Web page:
Both the most American of road trips (dusty, dry, sun-faded, interstate to interstate and motel to motel) and the coldest, darkest, most noirish depiction of Montreal imaginable. The characters were hard to get to know, but that's noir for you. I suspect this book's haunting imagery, and its tragedies both extraordinary and everyday, will stay with me for a long, long time. Both the most American of road trips (dusty, dry, sun-faded, interstate to interstate and motel to motel) and the coldest, darkest, most noirish depiction of Montreal imaginable. The characters were hard to get to know, but that's noir for you. I suspect this book's haunting imagery, and its tragedies both extraordinary and everyday, will stay with me for a long, long time.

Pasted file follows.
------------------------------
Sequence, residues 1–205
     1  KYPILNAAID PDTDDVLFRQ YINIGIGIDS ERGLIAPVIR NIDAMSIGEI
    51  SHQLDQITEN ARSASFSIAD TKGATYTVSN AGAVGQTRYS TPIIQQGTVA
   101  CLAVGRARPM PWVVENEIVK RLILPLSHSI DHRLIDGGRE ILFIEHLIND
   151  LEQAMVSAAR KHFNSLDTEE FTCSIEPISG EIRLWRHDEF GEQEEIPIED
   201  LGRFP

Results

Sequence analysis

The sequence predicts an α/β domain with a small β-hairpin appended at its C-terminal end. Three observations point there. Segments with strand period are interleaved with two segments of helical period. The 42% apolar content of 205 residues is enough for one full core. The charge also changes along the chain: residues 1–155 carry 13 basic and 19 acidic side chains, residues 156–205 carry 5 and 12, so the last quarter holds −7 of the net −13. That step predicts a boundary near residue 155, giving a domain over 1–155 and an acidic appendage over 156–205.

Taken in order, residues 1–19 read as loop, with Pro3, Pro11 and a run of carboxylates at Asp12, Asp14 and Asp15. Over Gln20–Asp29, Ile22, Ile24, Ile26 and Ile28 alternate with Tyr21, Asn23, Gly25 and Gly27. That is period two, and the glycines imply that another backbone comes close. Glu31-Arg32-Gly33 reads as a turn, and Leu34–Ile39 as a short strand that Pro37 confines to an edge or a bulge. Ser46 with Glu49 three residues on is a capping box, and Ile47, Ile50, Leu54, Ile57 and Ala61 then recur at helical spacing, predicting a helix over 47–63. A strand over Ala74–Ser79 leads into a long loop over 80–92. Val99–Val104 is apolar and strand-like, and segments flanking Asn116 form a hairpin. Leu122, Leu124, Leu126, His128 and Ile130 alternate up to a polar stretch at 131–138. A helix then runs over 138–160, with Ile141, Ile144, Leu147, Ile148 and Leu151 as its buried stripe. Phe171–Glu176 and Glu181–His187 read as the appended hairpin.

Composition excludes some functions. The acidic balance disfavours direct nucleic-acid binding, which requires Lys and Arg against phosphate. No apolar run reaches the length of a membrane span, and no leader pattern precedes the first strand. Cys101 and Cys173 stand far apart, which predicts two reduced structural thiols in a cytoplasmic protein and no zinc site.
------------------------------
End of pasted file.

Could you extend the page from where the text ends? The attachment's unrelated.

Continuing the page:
8. 5 out of 5

    Jerrie (redwritinghood)

    In anticipation of her upcoming new release, I went back and read her debut novel. The writing is fantastic, but the structure and characters in this book left me cold. I often had trouble understanding some of the characters’ motivations, and the thinking of all the characters seemed not quite mature.

  9. 5 out of 5

    Lisa

    Lilia, Eli and Michaela are lost, elusive, odd characters that I gladly followed through the mysterious landscape St. John Mandel has woven. She is a wizard of a writer!

  10. 4 out of 5

    Trudie